The combined use of proxy records and climate modelling is
invaluable for obtaining a better understanding of past
climates. However, many methods of model-proxy comparison in the
literature are fundamentally problematic because larger errors in
the proxy tend to yield a “better” agreement with the model. Here
we quantify model-proxy agreement as a function to proxy uncertainty
using the overlapping coefficient OVL, which measures the
similarity between two probability distributions. We found that the
model-proxy agreement is poor (

In paleoclimatology, the combined use of proxy records
(reconstruction of past climate conditions) and climate modelling is
invaluable for understanding past climate dynamics. Comparing climate model
simulations with proxy records is also useful for evaluating the model
performance. If the models perform well in the past, this can eventually
increase the reliability of future climate projections

To take the uncertainties of proxy data into account, several methods
have been proposed to evaluate the (dis)agreement between the model
and proxy data. The simplest one is to use the median and
interquartile/total range of the proxy and model data to check whether
they overlap with each other

In this study we elucidate some of the (potentially serious) issues
associated with the conventional model-proxy comparison methods. Since many
of these methods yield an improved model-proxy agreement for large
uncertainties in the proxy data, we dedicate particular attention on this
feature. To quantify agreement we calculate the overlapping coefficient
(OVL), which measures the degree of similarity between two probability
distributions

The method for model-proxy comparison introduced here is based on
a probabilistic approach. If

A major advantage of using OVL over other probabilistic measures is its
simplicity; Eq. (

The main advantage of the overlapping (OVL) method is that the proxy
uncertainty and model variability are accounted for as they alter the SDs of
the corresponding probability distributions. A necessary requirement for
calculating OVL (Eq.

In the following we discuss probability distributions derived from
climate models and proxy data. We restrict our discussion to examples
from our previous work, which includes vegetation proxies based on the
co-existence approach of the mean annual temperature (MAT) and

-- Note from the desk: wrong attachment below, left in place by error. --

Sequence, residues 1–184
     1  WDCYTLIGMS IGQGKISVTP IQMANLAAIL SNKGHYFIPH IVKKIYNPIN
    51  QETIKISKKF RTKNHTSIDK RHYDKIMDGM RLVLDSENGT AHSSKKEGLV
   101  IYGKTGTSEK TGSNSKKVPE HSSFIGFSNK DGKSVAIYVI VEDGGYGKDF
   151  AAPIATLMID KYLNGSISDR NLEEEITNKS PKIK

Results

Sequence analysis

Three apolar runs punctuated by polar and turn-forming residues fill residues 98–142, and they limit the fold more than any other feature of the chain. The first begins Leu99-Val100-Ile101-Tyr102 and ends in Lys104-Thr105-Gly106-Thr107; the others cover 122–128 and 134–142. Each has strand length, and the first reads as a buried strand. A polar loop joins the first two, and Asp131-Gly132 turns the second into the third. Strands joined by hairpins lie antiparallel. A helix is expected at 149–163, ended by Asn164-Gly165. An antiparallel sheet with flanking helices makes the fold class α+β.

precipitation (MAP)

In climate models, temperature and precipitation variability usually follow
a Gaussian (Normal) and a gamma distribution, respectively. For both
distributions, only

The use of a gamma instead of a Gaussian distribution for
precipitation is motivated by the fact that the probability frequency
is zero for negative values, which is one of the main features of the
gamma distribution. Furthermore, the gamma distribution can
potentially change the shape depending on the characteristics of the
data. If

Vegetation proxies based on the co-existence approach yield intervals
with homogeneous probability rather than a most likely estimate and
a standard error

To better understand the behavior of OVL, Fig.

In the next two panels (Fig.

The poor agreement in Fig.

Somewhat surprisingly, however, is that large uncertainty proxies in some
cases have a greater agreement with the model if their means are further
apart. This is illustrated in Fig.

In this section, we apply the OVL approach to real climate model and proxy
data. For this purpose we use data from a previously published paleoclimate
modelling study

To evaluate the model-proxy agreement

Using the minimum distance method, the modelled MAT agrees fairly well with
the MAT from the vegetation proxy (Fig.

Figure

To reveal some insight into the low OVL, Fig.

This work was motivated by the fact that many conventional model-proxy comparisons favour a good agreement for large errors in the proxy. These methods are fundamentally problematic because the model “performance” is largely determined by the data used for comparison. Here we illustrate how uncertainty of the proxy influences the model-proxy agreement. We use a simple metric called the overlapping coefficient (OVL), which measures agreement of two probability distributions. Even if OVL has some shortcomings, it has the ability to quantify agreement as a function of uncertainty.

Our main result is that the model-proxy agreement can be poor even if the
mean values are similar. More specifically, for similar means OVL is always
less than

Here we examine how uncertainty in (proxy) data, i.e. the magnitude of error
bars influences OVL for a given (model) distribution. Our analysis here is
based on two hypothetical triangular probability distributions (Fig. S2).
The advantage of using such a simple geometry is that we can derive
analytical relationships. For simplicity, we define the width of each
triangle to be equal to two SDs (

This work was supported by the LOEWE research funding programme of
the state of Hesse, the German Research Foundation (grant MI
926/8-1), and from the Marie Curie Programme of the European
Commission. We are indebted to Arne Micheels and Torsten Utescher
for providing the climate modelling and paleovegetation data. Please
contact the corresponding or second author to obtain the data that
was used to produce Fig.